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Sana Subzwari

Sana Subzwari

RMIT University, Australia

Title: Influence of moisture on crystalline properties of sorghum starch

Biography

Sana Subzwari is currently a final year Ph.D. student at RMIT University in Melbourne. Her research work involves Sorghum as an alternative source of starch: characterisation and properties for food applications. In 2011, she completed  her Masters in Biotechnology from  Deakin University. Subsequently, she worked with Mentholatum Australasia, and was involved in several R&D projects on formulation of topical heating rubs. In addition she has demonstrated her passion for teaching by mentoring undergraduates and postgraduate students

Abstract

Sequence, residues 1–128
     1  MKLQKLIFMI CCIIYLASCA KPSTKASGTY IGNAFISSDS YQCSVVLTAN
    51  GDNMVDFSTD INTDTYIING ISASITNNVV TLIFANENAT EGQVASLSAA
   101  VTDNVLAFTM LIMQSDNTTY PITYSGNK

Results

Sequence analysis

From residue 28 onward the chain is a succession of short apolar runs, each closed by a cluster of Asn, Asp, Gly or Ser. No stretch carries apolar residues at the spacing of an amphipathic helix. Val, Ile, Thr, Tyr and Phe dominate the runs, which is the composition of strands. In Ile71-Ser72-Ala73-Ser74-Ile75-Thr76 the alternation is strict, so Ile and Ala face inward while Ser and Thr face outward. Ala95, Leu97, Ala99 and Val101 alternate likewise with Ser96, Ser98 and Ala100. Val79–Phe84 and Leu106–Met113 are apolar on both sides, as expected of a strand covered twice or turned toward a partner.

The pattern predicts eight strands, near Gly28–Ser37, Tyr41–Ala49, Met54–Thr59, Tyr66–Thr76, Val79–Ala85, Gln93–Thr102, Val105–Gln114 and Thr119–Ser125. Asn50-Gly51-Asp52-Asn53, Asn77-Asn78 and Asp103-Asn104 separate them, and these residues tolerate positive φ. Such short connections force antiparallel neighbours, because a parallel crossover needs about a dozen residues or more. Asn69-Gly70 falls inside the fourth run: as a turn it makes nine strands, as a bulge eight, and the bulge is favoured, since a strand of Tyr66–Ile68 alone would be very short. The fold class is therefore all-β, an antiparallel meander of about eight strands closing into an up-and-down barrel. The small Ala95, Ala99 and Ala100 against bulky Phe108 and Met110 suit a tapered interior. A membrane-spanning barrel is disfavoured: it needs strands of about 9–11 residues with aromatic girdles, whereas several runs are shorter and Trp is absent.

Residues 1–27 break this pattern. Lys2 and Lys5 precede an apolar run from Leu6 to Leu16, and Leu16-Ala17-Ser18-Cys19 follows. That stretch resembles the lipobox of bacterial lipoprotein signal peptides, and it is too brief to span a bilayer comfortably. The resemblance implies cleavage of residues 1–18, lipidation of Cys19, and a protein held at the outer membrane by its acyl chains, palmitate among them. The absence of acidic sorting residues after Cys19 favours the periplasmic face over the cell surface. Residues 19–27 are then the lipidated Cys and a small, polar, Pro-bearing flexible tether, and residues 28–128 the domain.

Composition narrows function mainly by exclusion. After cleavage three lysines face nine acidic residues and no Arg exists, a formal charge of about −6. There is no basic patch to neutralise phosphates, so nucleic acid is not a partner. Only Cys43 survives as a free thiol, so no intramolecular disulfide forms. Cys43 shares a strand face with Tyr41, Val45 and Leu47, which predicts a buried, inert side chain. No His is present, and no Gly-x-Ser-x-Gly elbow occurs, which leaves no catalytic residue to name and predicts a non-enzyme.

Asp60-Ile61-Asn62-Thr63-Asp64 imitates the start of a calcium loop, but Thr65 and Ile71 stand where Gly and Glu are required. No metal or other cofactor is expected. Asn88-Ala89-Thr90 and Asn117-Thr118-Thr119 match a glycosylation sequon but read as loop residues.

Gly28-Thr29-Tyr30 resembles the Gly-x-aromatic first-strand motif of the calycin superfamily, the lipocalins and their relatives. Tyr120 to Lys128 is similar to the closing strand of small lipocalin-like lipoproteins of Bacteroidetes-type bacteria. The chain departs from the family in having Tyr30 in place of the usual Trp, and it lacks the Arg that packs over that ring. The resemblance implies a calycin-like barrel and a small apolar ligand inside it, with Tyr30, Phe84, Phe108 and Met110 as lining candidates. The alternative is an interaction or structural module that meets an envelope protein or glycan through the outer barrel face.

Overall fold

Statement of the Problem: The awareness of coeliac disease and other sensitivities to gluten has caused increased demand for wheat-free food products around the world. As an alternative for the production of novel starches, recently there has been growing interest in sorghum as a potential source. Methodology & Theoretical  Orientation:  Starch granules were suspended in water to form a slurry using gentle stirring. Analyses were performed on a Bruker Microcalix instrument using 50 W Cu Ka radiation at a wavelength of 1.54 Å. Measurements were carried out under vacuum, and scattered X-rays were detected using a Pilatus 100 k detector. Hydrated starch samples were weighed and placed into glass capillary tubes (Hilgenberg, Germany). Scattering measurements were performed with 30 minutes exposure time, and transmission measurements were carried out over 30s. Moisture content, crystallinity and particle size distribution were also evaluated using oven drying, X- ray diffraction and laser diffraction, respectively. Findings: The storage of the slurry in the presence of moisture strongly affects the physical changes and the orientation of the crystalline and amorphous layers. This was observed by variation in the intensity using SAXS and  X-ray patterns. Conclusion & Significance: The implications of the findings warrant further studies, which extend to starches from a range of cereal grains.